A few days later, I received about thirty issues of the Globe. I hurriedly searched for the unfortunate statement by Mr. Peel and I saw that it was as follows, “We could not adopt this measure without descending to the lowest rank of all the nations.” The words like France were missing.
That put me on the right track and I have been able to ascertain since then a number of other pious frauds in our journalists’ method of translating.
But that is not all I learned from the Globe. For two years, I was able to follow the development and progress of the League.
At that time, I was an ardent supporter, as I am today, of the cause of free trade, but I considered it to be lost for centuries, since it is no more spoken of in our country than it probably was in China in the last century. Imagine my surprise and joy on learning that this great question had grabbed people’s attention across the length and breadth of England and Scotland, and on reading about this uninterrupted succession of huge meetings,19 and the energy, perseverance, and enlightenment of the leaders of this admirable association!
But what surprised me even more was to see that the League was spreading, growing, and spilling floods of light over England, monopolizing the attention of ministers and Parliament, without a word of mention in our newspapers!
Naturally I suspected that there was some correlation between this absolute silence on such a serious matter and the system of pious frauds in translation.
Naively thinking that it was sufficient for this silence to be broken just once for it not to persist any longer, I decided, trembling, to become a writer, and I sent a few articles on the League to La Sentinelle in Bayonne. However, the Paris newspapers paid not the slightest attention to them. I set about translating a few speeches by Cobden, Bright, and Fox and sent them to Paris newspapers themselves; they did not print them. “It is not to be tolerated,” I said to myself, “that the day on which free trade is proclaimed in England should surprise us in our ignorance. I have only one course, that is to write a book. . . .”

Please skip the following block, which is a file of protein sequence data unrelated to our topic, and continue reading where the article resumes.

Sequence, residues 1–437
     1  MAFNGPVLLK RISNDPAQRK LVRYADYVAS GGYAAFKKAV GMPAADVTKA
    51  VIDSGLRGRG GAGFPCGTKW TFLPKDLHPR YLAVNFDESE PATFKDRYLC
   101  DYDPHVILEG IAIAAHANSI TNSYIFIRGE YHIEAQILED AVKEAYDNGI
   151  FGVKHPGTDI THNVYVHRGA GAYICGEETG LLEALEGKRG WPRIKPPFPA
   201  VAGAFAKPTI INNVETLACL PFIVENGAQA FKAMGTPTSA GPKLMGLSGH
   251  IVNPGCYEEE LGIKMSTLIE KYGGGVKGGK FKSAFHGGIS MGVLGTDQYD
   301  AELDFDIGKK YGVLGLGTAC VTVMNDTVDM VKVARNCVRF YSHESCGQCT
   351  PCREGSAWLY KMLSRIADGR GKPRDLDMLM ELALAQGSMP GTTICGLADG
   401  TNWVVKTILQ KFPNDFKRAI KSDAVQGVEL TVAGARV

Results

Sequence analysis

[5 ]In Sparta, every newborn child was examined by the elders. If he was judged fit, he was left with his mother; otherwise, he was thrown into a pit.
[6 ]On the night of 4 August 1789, the National Assembly suppressed all the privileges of the nobility and the clergy, with their agreement, in a moment of great enthusiasm.
[7 ]The House of Lords was composed of hereditary peers, twenty-six Anglican prelates, sixteen Scottish peers, and an indefinite number of peers appointed by the king.
[8 ]Great Britain had been at war with France from February 1793 to March 1802, at the head of two European coalitions.
[9 ]The Corn Laws were abolished in February 1846. The story leading up to this abolition is related in Cobden and the League.
[10 ]The Reform Bill of 1832 put an end to the most unfair rules of the previous electoral law and permitted some elements of the middle class to vote for the first time. The franchise was further extended in 1867 and 1885.
[11 ]The Anglican faith was a national church, the Church of England, the religion of the state itself. All other churches, called dissenting, had been legally tolerated since 1689.
[12 ]Bastiat wrote about “two Englands” in an article in Le Libre échange, 6 February 1848. (OC, vol. 3, p. 459, “Deux Angleterres.”)
[13 ]The bill abolishing slavery was voted in 1833, and it was to come into effect fully in 1838.
[14 ]The First Reform Act of 1832 allowed middle-class people to vote for the first time in England. The Catholic Emancipation Act of 1829 removed many but not all restrictions on Catholics in the United Kingdom.
[15 ]The Uniform Penny Post system was introduced throughout the United Kingdom in 1840.
[16 ]Economic Sophisms.
[17 ](Paillottet’s note) One might plead an attenuating circumstance on behalf of French newspapers. It was, I think, particular ignorance, defensiveness, or inadvertence rather than calculation which figured in the majority of the misdeeds for which Bastiat reproaches them. If we examine, for example, the letters which he had to send to two of the leaders of Parisian journalism, the editors of La Presse and Le National, it will be clear that these two papers did not grasp either the progress or the importance of the debate on the Corn Laws in England. See letters to the editors of La Presse. [OC, vol. 7, p. 143, “Au redacteur de La Presse”; and p. 152, “Au redacteur du National.”]
[18 ]The Globe and Traveller.
[19 ]In English in the original.